Glendale's Green House
A successful partnership using public and private funds
A Glendale neighborhood in the Ocotillo District was transformed over the course of two weeks in the fall of 2008. A formerly vacant lot, at 54th Avenue and McLellan, became the site of a “green” home for a deserving family through a unique partnership between the city, Habitat, and the Norton-Ramsey Community Services Foundation.
The City of Glendale, through their Community Development Block Grant (CDBG) program, which is administered by the Community Revitalization Division, acquired the property and transferred it to the Habitat for Humanity Central Arizona on this property. This home was built for the Acosta family by volunteers from the Arizona Foursquare Churches and made possible by generous contributions from Jenny Norton, Bob Ramsey and Western Refining. After agreeing to underwrite a portion of the building cost, Jenny Norton and Bob Ramsey provided additional funding for the extra expenses related to building this home LEED certified. They also supported the creation of “Home Sweet Home,” a half hour program for Glendale 11, the city’s cable station, on the construction process (Glendale 11’s TV guide can be found by clicking here).
The project started when Arizona Foursquare Churches approached Habitat about building their sponsored home “green”, but they didn’t stop there. In a collaborative effort, this partnership knew they were on to something even better: “LEED Certified” with the possibilities of achieving a Platinum Level. In addition, this house brought together other businesses--each made a significant contribution including: Schaefer Construction Company, T & T Concrete Contractors Inc., Waste Management of Arizona, Whirlpool, BEST Landscaping, Alliance Plumbing, Sharp Drywall, and Square Care.
About Platinum Level Building
Only 140 Platinum Level homes have been built and registered across the U.S. Another 749 Certified, Silver and Gold homes are also registered. The Glendale home will be the third Platinum home and the first “Affordable Housing” Platinum Level home in Arizona.
LEED, the Green Building Rating System developed by the U.S. Green Building Council (USGBC), provides a suite of standards for environmentally sustainable construction. LEED certified buildings use key resources more efficiently when compared to conventional homes or buildings which are simply built to code. LEED certified buildings are healthier living environments, which contributes to higher productivity and improved health and comfort.
These benefits do not come without a cost, however. Green buildings can cost more both to design and to construct when compared to conventional buildings. However, the savings for the homeowners are both immediate and measurable, especially with water and energy consumption.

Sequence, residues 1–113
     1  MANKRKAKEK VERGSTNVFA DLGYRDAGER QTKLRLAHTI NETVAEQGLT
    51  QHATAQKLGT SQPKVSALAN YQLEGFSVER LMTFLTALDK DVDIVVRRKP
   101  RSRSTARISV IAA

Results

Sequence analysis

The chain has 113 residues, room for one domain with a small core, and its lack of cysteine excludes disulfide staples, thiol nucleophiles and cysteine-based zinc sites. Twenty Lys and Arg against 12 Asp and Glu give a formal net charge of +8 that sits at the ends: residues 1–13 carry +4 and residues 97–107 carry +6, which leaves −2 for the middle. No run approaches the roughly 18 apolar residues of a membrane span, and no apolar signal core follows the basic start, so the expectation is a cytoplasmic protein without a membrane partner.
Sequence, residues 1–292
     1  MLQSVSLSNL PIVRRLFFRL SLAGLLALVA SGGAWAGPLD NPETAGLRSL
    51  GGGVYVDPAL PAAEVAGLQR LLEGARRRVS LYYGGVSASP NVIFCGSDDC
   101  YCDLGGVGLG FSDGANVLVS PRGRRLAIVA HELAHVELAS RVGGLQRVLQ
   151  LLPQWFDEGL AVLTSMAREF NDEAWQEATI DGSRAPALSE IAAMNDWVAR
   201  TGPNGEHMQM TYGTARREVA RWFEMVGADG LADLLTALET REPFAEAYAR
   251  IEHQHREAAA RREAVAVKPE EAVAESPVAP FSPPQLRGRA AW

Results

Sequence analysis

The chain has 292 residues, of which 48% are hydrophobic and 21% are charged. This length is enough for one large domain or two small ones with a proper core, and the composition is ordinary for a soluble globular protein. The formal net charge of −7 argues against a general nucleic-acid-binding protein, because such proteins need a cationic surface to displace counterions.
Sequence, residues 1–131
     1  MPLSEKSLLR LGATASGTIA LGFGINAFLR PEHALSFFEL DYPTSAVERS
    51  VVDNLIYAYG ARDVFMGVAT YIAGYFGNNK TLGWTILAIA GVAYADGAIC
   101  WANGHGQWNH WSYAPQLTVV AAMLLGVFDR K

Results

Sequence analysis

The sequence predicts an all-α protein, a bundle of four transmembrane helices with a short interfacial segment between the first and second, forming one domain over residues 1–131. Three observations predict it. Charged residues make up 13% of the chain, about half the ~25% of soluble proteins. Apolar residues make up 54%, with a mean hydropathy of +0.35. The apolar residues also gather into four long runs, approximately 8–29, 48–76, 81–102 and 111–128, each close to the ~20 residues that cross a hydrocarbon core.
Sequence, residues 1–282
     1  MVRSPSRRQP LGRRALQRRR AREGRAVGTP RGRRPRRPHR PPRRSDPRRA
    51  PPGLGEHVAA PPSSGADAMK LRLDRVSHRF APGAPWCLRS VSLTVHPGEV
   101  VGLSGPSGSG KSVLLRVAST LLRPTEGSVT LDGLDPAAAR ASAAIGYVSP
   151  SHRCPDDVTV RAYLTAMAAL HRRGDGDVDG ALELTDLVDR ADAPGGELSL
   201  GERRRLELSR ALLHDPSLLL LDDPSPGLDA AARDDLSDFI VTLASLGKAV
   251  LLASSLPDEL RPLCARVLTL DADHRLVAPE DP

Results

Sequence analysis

The LEED program is designed to require third party validation to verify “green” construction. Habitat for Humanity Central Arizona is proud to distinguish themselves through their upcoming platinum build. Now as official members of the USGBC, Habitat Central Arizona looks forward to future building sites implementing LEED build practices.
Glendale 11 TV Earns Emmy Award For Best Environment Program
The station earned this prestigious award in the Best Environment Program/Special category for “Glendale’s Home Green Home,” a program about Glendale’s partnership with Habitat for Humanity to build the first platinum level LEED home in the state of Arizona.
Read more | Watch clip online
Oct. 11, 2008 Dedication Event
Interior touches: It’s a little more than one week on the build and already the focus has become the inside of the house. The volunteers are making sure every detail is attended to before the dedication on Saturday, and even added a beautiful chandelier as a finishing touch.
Exterior prepared: Volunteers continue to assist in getting the house ready for the stucco application, which is scheduled next. The home will be special for many reasons, but it also will be unique because it is expected to reach the Platinum level of LEED certification, which will demonstrate that environmentally sustainable construction is possible when building an affordable home.
A home emerges: Just three days later and a home is taking shape quickly. Everyday the volunteers have been on the site to build along side Habitat staff and several contractors, who make sure the work is completed in a licensed way. Glendale has a strong history and partnership with Habitat as more than 40 homes have been built in the city to benefit low-income families.
Wall-raising ceremony 9/27/08
The next day: It was a special day today at 6601 N. 54th Ave. Habitat hosted a “wall raising” ceremony to celebrate the start of the two-week blitz build that will result in a new home for the Acosta family. The event included volunteers from the Arizona Foursquare Churches, who are donating the labor to build the home, along with many generous sponsors who have given materials to the project. Also on hand were Mayor Elaine Scruggs and Ocotillo District Councilmember David Goulet. Everyone in attendance was asked to sign the walls to give a special, personal message to the Acostas, who have lived for the past nine years in public housing managed by the city’s Community Housing Division.